Still from AS TOLD TO G/D THYSELF, The Ummah Chroma (2019)

Jenn Nkiru's art is an introduction to cosmic archeology

The British-Nigerian filmmaker creates visual representations of the black experience unlike anything you've ever seen.

by Rolien Zonneveld
|
31 January 2020, 10:37am

Still from AS TOLD TO G/D THYSELF, The Ummah Chroma (2019)

A lone saxophonist wanders through a black-and-white industrial cityscape. The houses in the background seem weathered, the music is a soft mixture of jazz and soul, tinged by hip-hop. The person playing the sax is Kamasi Washington, an American composer and artist who’s been making waves with his genre-defying, improvisational music. The scene is part of AS TOLD TO G/D THYSELF, a 22 minute short film perhaps best described as a prolonged music video, comprising a sequence of immersive fragments that at first glance don’t quite seem to link up.

It first screened at Sundance last year, and is currently on display at Het Nieuwe Instituut in Rotterdam, as part of the city’s annual international film festival. Predominantly shot in Baltimore, the film depicts a cosmic journey through themes including meta-physical transcendence, spirituality, and self-expression. This translates to scenes of mythical rituals in forests, alongside surreal street shots of fluorescent dogs -- combined, they evoke a sense of deep foreboding.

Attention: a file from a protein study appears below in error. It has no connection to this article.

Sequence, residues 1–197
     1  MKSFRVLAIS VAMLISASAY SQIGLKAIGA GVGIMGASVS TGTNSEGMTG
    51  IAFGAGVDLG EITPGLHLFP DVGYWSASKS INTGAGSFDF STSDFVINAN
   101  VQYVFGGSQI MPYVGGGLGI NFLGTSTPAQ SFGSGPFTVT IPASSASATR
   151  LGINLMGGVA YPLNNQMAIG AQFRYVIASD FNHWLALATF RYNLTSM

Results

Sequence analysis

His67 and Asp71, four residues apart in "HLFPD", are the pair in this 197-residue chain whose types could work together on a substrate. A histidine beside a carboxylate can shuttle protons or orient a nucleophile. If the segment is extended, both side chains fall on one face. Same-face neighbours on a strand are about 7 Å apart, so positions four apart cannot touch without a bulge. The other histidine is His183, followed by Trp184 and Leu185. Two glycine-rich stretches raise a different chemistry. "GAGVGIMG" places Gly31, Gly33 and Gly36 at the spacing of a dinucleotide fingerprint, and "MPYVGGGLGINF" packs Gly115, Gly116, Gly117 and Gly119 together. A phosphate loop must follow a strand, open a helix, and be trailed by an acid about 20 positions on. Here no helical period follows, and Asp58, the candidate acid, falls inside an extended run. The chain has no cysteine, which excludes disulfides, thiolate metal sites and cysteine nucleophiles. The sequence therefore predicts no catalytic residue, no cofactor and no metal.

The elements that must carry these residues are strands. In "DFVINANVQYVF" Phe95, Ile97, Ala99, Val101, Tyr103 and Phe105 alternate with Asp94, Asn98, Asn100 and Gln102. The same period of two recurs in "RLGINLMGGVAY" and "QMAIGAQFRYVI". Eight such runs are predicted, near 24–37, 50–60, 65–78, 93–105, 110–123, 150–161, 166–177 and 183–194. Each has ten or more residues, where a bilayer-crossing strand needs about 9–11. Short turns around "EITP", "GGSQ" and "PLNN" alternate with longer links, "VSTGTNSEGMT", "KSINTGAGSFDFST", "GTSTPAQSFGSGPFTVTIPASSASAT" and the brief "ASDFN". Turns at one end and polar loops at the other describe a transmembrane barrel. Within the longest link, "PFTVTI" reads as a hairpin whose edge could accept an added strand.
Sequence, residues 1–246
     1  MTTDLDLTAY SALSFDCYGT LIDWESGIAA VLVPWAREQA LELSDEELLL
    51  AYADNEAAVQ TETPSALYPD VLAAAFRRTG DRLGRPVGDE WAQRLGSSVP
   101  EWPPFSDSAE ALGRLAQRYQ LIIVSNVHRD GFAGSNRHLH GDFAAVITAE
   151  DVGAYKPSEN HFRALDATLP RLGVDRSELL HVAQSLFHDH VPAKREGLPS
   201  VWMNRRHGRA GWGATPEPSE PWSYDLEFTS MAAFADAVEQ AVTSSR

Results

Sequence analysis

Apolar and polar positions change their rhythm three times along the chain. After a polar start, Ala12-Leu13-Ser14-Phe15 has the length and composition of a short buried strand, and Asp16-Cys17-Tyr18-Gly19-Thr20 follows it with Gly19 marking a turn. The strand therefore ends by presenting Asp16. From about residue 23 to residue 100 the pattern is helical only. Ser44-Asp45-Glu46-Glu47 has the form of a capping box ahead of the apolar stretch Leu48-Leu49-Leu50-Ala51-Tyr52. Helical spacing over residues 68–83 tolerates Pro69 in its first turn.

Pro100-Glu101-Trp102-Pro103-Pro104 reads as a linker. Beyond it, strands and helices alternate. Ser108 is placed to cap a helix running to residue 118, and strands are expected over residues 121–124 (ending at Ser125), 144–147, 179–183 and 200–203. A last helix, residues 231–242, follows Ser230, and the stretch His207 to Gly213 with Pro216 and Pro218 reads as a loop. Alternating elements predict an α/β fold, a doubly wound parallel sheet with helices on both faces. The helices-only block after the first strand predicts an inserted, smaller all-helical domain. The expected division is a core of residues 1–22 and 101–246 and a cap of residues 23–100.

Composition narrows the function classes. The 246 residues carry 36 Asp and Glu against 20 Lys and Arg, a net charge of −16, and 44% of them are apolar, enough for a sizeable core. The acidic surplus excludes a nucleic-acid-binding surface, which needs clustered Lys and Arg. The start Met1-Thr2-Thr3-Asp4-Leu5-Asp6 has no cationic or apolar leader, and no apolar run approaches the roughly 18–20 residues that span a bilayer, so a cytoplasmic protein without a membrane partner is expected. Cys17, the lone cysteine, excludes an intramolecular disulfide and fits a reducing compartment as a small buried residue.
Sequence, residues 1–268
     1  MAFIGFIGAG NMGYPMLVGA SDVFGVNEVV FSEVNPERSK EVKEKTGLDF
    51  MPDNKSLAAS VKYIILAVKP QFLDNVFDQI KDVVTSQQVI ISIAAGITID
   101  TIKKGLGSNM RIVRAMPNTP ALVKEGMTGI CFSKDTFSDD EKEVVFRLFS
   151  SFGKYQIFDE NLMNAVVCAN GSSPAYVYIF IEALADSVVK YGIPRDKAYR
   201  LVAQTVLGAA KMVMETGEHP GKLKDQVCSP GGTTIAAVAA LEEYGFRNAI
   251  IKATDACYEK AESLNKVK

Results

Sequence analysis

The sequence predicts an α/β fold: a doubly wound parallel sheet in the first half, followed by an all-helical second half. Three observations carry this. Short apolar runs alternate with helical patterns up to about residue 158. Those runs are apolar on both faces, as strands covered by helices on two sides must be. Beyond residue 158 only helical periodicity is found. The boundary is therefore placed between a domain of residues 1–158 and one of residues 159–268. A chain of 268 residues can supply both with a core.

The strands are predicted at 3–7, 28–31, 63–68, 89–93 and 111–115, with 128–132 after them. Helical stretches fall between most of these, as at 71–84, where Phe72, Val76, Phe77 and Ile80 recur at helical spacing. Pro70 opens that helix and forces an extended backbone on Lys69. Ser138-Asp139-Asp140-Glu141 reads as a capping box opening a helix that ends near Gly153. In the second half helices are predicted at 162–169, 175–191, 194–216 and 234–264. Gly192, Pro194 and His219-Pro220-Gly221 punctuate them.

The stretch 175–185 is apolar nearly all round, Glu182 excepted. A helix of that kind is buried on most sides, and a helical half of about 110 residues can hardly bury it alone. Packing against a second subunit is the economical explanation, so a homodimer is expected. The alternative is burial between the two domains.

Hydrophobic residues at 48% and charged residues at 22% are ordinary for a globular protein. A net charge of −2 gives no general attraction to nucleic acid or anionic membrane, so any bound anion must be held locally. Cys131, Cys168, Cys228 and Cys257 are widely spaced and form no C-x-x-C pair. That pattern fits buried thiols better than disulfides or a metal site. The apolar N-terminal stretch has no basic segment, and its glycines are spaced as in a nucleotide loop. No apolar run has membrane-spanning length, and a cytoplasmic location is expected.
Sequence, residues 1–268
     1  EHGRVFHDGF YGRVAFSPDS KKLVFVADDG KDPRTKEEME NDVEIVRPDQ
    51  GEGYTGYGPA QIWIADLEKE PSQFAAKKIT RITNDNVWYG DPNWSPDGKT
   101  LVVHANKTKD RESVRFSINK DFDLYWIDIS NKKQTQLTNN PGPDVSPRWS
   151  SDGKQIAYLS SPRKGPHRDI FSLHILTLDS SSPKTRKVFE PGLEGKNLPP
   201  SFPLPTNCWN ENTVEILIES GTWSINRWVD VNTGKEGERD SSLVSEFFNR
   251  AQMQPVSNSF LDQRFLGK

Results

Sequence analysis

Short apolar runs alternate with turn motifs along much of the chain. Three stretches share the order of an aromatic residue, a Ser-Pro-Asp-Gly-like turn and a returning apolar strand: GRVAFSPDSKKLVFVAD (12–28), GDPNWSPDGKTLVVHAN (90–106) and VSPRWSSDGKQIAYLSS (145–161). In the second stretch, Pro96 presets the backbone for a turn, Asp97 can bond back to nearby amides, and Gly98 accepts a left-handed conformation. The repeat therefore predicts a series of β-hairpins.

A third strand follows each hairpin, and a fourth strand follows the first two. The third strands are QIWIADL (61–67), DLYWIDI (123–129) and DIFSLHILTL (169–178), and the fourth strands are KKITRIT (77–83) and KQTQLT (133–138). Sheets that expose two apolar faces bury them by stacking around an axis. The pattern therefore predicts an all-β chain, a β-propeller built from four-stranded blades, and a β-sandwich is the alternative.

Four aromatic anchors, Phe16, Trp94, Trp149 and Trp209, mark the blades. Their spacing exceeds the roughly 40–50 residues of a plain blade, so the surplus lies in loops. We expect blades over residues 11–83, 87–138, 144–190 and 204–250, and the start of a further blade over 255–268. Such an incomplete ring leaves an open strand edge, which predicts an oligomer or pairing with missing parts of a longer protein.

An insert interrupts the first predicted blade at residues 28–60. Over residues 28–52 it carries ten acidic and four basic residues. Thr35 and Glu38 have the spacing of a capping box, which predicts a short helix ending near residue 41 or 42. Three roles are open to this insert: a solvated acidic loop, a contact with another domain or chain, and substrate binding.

The film came about when Kamasi wanted to create visuals for his new album and decided to reach out to some of the most exciting visual artists of the moment: cinematographer Bradford Young (known for his award winning work on Arrival), editor Marc Thomas (praised for his debut Black America Again), director Terence Nance (known for the engaging tv series Random Acts of Flyness), and Jenn Nkiru (who worked on Beyoncé and Jay-Z’s "Apeshit"). Inspired by how organic the collaboration felt, they decided to form a collective, The Ummah Chroma, or ‘Community of Colour’.

Peckham based Jenn Nkiru is the only Brit in the collective -- and the only woman, for that matter -- and is on site in Rotterdam to give a masterclass. “If I were to describe how this project came together, I would say we were making jazz,” she explains. “Process-wise we really mirrored Kamasi’s record. We became like a band, with each of us playing a part and complementing each other.” Despite how ‘free floating’ this may sound, however, Jenn is quick to point out that the collective’s objective is quite the opposite. “Ummah Chroma has a focussed mission,” Jenn says, “and that is that we want to create visual representations of the black experience that we haven’t really seen before. In our own respective ways, we explore ideas of transcendence, spirituality and the interior.”

Jenn first broke into the industry at the tender age of 15, when her surrealist short film about a fallen alien was commissioned by the BBC and the Tate. It marked the beginning of a career in film always coloured by the supernatural -- which, over time, invited critics to identify her work as Afrofuturist. “I don’t care much about labels but if I were to attach a genre to my work, I would say it leans more towards Afro-surrealism.” The genre -- which allows black artists to express feelings of worry, liberty and injustice through a lens that’s as liberated from orthodoxy as they like -- has been experiencing something of a revival as of late. Take Donald Glover’s Atlanta for example, or work by filmmakers Khalil Joseph and Arthur Jafa, who have given a dream-like edge to the music of Kendrick Lamar and Solange respectively.